In response to this, one of my meta-rules is “don’t over-sweat it”. So, for small stuff, this reduces to “don’t sweat the small stuff”. But, because of my anxiety structures, I tend to see certain classes of small stuff as big stuff. So, I dedicate some effort to seeing small stuff as small. Sometimes, this means making it invisible to me. Poor Zoe often has to make the actual purchase after I’ve done the research, or even make the decision after I’ve done the research. For various classes of minor, irrevocable sub-optimal decisions, I prefer not to know about them. I will obsess, and that doesn’t help anyone.

When the decision is essentially arbitrary (because all choices are incommensurable in toto, or their value is unknowable at the moment), I try to make myself flip a coin (metaphorically, at least). What I try to avoid is building a fake rationale (except when that enables the choosing or makes me happier with the arbitrary choice).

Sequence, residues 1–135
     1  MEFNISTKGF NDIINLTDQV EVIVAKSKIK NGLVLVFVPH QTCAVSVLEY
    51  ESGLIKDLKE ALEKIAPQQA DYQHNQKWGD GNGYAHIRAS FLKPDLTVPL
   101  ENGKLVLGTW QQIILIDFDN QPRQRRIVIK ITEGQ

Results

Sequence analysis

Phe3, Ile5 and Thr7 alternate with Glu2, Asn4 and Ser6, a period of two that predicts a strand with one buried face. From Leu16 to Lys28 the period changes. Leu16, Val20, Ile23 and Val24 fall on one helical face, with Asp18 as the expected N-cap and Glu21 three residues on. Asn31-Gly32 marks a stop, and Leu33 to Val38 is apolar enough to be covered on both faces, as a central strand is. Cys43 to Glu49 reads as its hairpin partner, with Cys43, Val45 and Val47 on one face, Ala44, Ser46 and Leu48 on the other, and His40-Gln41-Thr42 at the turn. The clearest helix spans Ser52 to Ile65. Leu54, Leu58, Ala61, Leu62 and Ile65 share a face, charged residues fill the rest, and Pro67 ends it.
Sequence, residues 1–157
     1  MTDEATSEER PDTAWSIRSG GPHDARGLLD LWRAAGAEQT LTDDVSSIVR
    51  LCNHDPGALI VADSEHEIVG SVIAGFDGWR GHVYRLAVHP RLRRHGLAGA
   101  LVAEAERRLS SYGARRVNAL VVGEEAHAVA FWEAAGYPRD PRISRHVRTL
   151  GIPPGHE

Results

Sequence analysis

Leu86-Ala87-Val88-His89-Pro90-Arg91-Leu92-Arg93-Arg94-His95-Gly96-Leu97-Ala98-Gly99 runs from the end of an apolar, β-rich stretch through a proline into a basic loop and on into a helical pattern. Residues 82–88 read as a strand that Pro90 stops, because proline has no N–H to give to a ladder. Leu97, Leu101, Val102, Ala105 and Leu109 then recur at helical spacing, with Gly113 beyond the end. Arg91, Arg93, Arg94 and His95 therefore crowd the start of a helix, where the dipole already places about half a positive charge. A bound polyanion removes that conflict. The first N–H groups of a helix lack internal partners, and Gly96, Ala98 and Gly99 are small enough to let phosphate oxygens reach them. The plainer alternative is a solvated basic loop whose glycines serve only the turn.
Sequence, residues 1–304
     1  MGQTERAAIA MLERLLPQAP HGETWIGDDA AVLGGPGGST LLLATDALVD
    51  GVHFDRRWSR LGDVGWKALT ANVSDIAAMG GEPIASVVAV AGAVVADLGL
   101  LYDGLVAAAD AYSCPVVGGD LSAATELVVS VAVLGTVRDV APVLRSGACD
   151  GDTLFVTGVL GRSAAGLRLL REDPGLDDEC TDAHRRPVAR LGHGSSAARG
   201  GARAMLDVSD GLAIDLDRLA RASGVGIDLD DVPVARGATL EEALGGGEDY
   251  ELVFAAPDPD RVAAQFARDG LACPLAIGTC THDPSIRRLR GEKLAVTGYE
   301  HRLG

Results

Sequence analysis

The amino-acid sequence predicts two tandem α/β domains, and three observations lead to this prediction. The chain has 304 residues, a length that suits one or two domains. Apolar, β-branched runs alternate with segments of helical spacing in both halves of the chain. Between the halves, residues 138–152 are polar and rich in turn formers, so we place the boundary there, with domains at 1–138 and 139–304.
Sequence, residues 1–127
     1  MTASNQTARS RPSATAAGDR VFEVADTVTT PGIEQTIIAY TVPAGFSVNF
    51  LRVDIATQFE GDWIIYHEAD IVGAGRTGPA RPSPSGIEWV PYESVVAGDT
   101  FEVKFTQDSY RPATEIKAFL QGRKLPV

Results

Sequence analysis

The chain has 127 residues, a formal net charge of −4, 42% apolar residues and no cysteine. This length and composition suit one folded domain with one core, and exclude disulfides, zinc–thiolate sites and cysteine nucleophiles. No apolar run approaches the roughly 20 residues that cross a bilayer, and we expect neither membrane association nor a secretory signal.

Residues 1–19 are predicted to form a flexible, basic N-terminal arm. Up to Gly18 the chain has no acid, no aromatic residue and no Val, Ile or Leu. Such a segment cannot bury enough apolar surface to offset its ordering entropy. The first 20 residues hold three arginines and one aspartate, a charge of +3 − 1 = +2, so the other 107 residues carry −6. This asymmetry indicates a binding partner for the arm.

Technical (or teaching) decisions often are best treated as arbitrary, but we have tons of incentives to treat them as requiring a ton of analysis to make the “right” choice. At the moment, I’m evaluating what Python testing framework to use and teach in my software engineering class. I currently use doctest and unittest and have a pretty decent lesson plan around them. doctest is funky and unittest is bog standard. I’d consider dropping doctest because I need room and we don’t do enough xUnit style testing for them to really grasp it. They are also built into the standard library.

But then there’s pytest which seem fairly popular. It has some technical advantages, including a slew of plugins (including for regression testing and BDD style testing). It scales in complexity nicely…you can just write a test function and you’re done.

But, of course, it’s a third party thing and needs to be installed. Any plugins would have to be installed. Is it “better enough” to ignore the built in libraries? Or should I add it on with the builtin libraries? AND THERE MIGHT BE SOMETHING YET BETTER OUT THERE OH NOES!!!!

No. The key principle here is a meta-principle: Don’t invest too much more effort. Make a decision and stick with it. In the end, any of the choices will do and a big determiner will be “does it spark my interest now?” while the other will be “how much extra work is that?”

And that’s fine.


The Cyber Security Body Of Knowledge